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The pound has fallen since last week’s Bank of England (BoE) monetary policy decision to leave the Bank rate unchanged at 0.10%. While it is expected to stabilise the following days, analysts do not anticipate considerable gains for the pound in the near term.

The BoE’s decision to keep monetary policy unchanged took markets by surprise but it chimed with members of the Monetary Policy Committee comments that the Bank wanted to wait and see further evidence about the state of the economy and the health of the labour market, especially the impact of the furlough scheme which ended in September. Analysts still expect a February rate increase instead of one in December.

Possible interest rate rise

The BoE wants to wait and analyse the impact that the end of the furlough scheme will have on the economy, and employment in particular, before making any decisions on raising interest rates. Some of the data will become available in December and more later in January and February. This is why the November interest rate rise was too soon, whereas other ones in December, February 2022 or some time later, appear to be more likely possibilities.

Before the next Bank of England meeting on the 16th of December, analysts and policymakers will have the chance to examine two jobs reports and two inflation reports, which will determine how the Bank will act if there is to be a 15bp December hike. Since markets have not yet priced in a December move, there could be potential for Sterling to rise.

Pound outlook

Analysts believe that there is still potential for the pound as markets digest the news and adjust to a less aggressive policy response in the next meetings.

At the same time, for inflation to return to a target that will be within expectations, the Bank rate will need to rise. The Governor of the Bank of England, Andrew Bailey, said that the BoE would not raise rates to 1 per cent by the end of 2022, because according to the bank’s forecasts inflation would fall below its 2 per cent target in the medium term if they tightened monetary policy too much. Higher inflation is expected to be transitory, leading to an increase in consumer prices, which would have been higher if interest rates rose even a little. The Bank, however, does not expect inflation to fall below 3 per cent until the spring of 2023, which means there will be a period of higher inflation.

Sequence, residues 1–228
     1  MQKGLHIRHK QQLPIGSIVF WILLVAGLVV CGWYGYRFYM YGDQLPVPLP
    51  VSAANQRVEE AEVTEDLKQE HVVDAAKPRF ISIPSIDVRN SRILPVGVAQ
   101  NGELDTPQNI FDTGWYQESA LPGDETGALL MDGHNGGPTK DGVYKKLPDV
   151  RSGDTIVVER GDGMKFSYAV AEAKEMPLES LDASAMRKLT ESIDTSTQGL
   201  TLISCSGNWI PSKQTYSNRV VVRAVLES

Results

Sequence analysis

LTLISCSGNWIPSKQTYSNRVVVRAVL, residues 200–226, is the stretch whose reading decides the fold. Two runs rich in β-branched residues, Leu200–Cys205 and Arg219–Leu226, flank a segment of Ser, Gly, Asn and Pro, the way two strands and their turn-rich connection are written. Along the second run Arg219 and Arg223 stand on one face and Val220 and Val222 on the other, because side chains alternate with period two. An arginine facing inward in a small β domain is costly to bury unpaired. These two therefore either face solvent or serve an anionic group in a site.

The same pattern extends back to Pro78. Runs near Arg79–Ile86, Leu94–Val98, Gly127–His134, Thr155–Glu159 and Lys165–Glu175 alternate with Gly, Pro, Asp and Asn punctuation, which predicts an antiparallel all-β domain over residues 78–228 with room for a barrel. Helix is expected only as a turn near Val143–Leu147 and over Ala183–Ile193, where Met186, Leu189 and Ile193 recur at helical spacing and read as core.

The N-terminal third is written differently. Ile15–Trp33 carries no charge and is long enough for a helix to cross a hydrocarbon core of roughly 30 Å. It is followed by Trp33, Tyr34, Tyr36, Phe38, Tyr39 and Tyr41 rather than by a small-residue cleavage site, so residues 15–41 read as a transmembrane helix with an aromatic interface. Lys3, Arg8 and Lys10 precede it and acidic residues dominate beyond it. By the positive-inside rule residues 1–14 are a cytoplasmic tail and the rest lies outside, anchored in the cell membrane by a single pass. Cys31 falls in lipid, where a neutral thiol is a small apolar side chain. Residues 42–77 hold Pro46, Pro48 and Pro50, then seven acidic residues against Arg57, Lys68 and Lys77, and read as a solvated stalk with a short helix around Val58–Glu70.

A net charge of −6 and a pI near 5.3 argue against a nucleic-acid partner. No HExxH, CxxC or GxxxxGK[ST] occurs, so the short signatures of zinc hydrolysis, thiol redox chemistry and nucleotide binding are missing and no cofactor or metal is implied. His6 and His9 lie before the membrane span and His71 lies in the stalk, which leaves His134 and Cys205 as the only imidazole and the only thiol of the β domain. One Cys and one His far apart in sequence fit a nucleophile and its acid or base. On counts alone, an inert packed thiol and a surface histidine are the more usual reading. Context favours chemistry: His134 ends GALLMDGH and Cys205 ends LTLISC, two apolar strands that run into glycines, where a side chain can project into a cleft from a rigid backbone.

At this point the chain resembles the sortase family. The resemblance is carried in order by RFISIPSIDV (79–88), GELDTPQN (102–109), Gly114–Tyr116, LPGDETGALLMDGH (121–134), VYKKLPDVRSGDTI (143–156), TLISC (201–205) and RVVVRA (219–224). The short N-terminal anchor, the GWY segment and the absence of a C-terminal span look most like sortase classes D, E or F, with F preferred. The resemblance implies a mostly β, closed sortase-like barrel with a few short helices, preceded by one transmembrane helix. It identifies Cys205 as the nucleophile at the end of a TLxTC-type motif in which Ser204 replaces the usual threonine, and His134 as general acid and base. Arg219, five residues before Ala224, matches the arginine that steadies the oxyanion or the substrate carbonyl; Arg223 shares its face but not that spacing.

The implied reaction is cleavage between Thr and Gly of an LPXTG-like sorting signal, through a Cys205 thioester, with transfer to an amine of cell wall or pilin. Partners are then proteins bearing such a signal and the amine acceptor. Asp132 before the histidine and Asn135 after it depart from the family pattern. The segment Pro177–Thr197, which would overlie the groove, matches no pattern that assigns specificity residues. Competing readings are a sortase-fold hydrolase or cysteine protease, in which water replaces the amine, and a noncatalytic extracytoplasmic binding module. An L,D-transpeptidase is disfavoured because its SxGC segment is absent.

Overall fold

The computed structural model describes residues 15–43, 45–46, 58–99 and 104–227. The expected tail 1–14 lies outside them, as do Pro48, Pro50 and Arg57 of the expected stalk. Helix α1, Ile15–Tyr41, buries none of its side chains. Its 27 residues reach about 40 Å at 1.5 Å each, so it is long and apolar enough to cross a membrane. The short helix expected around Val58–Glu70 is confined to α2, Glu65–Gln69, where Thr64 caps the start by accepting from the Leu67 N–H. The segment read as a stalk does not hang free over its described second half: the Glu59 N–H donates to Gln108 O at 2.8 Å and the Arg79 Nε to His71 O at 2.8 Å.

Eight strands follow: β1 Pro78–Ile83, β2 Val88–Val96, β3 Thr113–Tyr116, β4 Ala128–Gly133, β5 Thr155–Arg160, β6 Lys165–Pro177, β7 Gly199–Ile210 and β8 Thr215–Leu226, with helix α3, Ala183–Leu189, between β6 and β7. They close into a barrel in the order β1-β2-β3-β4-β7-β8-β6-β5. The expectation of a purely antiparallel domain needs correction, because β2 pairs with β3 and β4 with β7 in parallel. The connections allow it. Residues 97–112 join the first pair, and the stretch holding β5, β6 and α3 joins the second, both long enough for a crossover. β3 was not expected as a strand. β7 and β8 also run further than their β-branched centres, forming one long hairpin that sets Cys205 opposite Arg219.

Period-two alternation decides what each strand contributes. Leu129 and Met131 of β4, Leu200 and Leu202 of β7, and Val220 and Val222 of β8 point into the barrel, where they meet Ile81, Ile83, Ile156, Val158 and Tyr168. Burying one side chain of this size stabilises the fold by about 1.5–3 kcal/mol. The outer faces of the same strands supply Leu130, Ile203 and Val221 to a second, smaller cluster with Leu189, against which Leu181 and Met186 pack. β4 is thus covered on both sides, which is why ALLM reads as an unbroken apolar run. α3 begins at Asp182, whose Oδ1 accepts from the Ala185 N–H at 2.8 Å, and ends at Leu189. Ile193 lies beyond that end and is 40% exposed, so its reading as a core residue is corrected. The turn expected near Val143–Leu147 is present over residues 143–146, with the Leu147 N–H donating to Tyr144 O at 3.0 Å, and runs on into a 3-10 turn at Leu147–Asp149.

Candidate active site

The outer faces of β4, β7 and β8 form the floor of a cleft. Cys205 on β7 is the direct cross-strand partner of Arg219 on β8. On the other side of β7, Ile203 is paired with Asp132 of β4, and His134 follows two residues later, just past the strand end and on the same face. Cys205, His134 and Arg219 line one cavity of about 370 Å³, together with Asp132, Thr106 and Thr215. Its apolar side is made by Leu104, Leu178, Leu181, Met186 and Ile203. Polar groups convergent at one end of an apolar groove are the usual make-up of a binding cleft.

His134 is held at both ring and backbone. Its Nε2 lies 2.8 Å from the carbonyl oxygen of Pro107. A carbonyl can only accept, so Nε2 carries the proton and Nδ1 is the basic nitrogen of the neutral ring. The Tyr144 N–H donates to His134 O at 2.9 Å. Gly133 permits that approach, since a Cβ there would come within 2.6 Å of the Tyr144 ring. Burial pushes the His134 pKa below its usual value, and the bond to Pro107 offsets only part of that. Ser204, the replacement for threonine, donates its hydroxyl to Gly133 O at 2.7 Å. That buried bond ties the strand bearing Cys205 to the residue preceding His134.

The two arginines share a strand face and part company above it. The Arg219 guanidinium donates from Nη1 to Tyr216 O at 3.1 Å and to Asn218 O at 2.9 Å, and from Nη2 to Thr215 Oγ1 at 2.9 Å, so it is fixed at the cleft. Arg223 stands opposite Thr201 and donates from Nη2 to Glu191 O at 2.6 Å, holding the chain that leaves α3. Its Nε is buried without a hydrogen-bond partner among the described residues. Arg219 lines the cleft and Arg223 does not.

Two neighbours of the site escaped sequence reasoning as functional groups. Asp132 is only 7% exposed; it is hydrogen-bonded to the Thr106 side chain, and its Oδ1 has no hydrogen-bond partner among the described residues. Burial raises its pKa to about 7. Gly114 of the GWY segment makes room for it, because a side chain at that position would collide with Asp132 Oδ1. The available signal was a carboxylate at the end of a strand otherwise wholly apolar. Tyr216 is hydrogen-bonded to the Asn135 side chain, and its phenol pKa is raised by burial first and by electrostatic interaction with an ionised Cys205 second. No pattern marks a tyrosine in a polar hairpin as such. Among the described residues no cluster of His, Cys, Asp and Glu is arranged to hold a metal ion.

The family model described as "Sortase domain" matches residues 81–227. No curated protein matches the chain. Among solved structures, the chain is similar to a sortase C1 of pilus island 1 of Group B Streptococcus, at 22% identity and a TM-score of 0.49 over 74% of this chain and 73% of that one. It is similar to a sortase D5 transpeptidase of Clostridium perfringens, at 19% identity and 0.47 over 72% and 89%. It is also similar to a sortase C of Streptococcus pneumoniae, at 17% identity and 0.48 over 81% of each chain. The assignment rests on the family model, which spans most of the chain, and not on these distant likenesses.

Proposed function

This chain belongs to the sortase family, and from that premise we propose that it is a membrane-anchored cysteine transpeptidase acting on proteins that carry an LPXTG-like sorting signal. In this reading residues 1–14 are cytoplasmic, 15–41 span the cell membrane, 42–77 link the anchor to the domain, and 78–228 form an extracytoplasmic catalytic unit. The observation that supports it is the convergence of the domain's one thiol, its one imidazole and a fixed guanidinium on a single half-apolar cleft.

Brexit

Brexit is adding some pressure on the pound at the beginning of this week, as reports that the UK is preparing to trigger Article 16 of the Northern Ireland Protocol are growing. Senior Government and EU figures have held discussions to prepare on the possibility of the UK triggering article 16 of the Northern Ireland protocol, a move that both Dublin and Brussels expect in the coming weeks. The move could create a crisis in EU-UK relations. Minister for Foreign Affairs Simon Coveney said that the EU could retaliate by withdrawing the entire free trade and co-operation agreement, reigniting fears of a “no-deal Brexit” and tariffs on trade.